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X-ray Laser Maps Important Drug Target

Researchers have used one of the brightest X-ray sources on the planet to map the 3-D structure of an important cellular gatekeeper known as a G protein-coupled receptor, or GPCR, in a more natural state than possible before.

Hijacked Protein May Lead to New Therapeutic Interventions

Researchers hope to hijack a natural process called RNA interference to block the production of proteins linked to disease and treat medical conditions for which conventional drugs do not work, including cancer, heart disease, HIV and Parkinson’s disease.

Ribosome Research Takes Shape at SLAC

In a new state-of-the-art lab at SLAC National Accelerator Laboratory, components of ribosomes – tiny biological machines that make new proteins and play a vital role in gene expression and antibiotic treatments – form crystals in a liquid solution.

Signs at the lab's entryway warn of the potential for contamination – these delicate samples can be damaged by human touch, a sneeze or a dust particle.

X-ray Laser Brings Cellular Messengers into Focus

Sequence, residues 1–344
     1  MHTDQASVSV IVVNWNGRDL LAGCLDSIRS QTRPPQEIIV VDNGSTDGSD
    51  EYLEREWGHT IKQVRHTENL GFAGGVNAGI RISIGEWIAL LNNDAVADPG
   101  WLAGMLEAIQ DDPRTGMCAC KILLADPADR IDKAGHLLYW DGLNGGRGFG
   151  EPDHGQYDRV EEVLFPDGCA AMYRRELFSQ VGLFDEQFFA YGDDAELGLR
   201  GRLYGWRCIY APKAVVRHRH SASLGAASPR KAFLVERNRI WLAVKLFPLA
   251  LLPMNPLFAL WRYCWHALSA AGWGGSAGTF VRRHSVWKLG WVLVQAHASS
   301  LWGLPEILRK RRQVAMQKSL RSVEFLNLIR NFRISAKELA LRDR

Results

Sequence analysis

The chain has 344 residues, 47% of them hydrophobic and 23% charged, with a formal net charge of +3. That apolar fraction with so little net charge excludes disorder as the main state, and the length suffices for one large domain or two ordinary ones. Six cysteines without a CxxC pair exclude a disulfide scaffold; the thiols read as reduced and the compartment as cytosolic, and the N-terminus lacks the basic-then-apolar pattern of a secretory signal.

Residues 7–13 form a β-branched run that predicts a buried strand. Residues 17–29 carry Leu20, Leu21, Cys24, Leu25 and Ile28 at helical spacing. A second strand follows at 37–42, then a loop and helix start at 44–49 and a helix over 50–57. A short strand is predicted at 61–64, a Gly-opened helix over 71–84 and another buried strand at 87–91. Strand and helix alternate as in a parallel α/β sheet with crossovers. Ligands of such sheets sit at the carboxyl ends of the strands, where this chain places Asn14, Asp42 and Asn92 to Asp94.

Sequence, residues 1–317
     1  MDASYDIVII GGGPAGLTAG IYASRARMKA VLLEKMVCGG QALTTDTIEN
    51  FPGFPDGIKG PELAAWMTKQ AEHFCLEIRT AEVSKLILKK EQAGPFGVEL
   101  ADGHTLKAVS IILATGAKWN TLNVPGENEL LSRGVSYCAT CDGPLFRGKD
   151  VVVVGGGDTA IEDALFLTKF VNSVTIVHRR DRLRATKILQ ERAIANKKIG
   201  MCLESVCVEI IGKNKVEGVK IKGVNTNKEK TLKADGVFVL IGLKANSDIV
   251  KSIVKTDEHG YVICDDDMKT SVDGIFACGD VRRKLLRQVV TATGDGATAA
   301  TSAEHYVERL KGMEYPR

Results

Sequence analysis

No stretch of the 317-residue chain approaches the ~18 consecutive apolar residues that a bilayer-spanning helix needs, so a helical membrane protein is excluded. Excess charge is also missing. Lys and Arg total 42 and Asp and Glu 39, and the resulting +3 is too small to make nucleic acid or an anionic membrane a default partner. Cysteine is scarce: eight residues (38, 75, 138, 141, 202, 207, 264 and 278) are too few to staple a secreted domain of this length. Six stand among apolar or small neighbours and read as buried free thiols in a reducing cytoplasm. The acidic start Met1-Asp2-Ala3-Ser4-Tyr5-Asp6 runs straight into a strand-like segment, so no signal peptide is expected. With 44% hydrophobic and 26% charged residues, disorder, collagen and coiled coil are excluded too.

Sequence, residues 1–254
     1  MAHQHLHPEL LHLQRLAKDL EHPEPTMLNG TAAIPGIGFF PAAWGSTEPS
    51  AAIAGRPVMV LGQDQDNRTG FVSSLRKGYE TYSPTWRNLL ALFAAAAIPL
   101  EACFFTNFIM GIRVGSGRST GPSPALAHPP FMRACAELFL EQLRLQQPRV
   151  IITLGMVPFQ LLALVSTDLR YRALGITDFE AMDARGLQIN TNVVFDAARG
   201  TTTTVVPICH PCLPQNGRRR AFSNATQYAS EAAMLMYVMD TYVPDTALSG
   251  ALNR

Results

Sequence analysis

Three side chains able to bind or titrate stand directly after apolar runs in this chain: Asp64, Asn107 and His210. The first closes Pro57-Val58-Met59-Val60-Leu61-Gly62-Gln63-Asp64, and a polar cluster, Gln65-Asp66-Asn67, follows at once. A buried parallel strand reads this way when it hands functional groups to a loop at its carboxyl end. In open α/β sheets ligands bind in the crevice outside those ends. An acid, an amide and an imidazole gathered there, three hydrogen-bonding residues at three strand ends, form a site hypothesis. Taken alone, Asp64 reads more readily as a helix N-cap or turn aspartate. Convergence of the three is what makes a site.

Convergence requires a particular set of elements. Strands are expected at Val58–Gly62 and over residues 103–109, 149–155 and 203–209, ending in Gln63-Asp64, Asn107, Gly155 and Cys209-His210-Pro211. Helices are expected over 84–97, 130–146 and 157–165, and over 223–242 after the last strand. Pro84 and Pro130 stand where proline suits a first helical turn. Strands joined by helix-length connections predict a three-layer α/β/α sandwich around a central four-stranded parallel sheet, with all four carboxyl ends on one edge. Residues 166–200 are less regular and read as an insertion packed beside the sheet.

Last year's Nobel Prize in Chemistry – shared by Stanford School of Medicine Professor Brian Kobilka and Robert Lefkowitz of Duke University – recognized groundbreaking research in G protein-coupled receptors (GPCRs). GPCRs are embedded in cell membranes. They interact with signaling molecules outside of cells and trigger responses within cells.

SSRL Confirms Anti-Flu Proteins Work as Designed

Understanding why proteins interact with certain specific molecules and not with the myriad others in their environment is a major goal of molecular biology. Now, in a series of recent papers, researchers describe how they designed proteins from scratch to have a high affinity and high specificity for targets on flu viruses, and then validated the two best designs using X-ray diffraction data collected at the Stanford Synchrotron Radiation Lightsource (SSRL).

X-ray Laser Probes Biomolecules to Individual Atoms

An international team led by the U.S. Department of Energy's (DOE) SLAC National Accelerator Laboratory has proved how the world's most powerful X-ray laser can assist in cracking the structures of biomolecules, and in the processes helped to pioneer critical new investigative avenues in biology.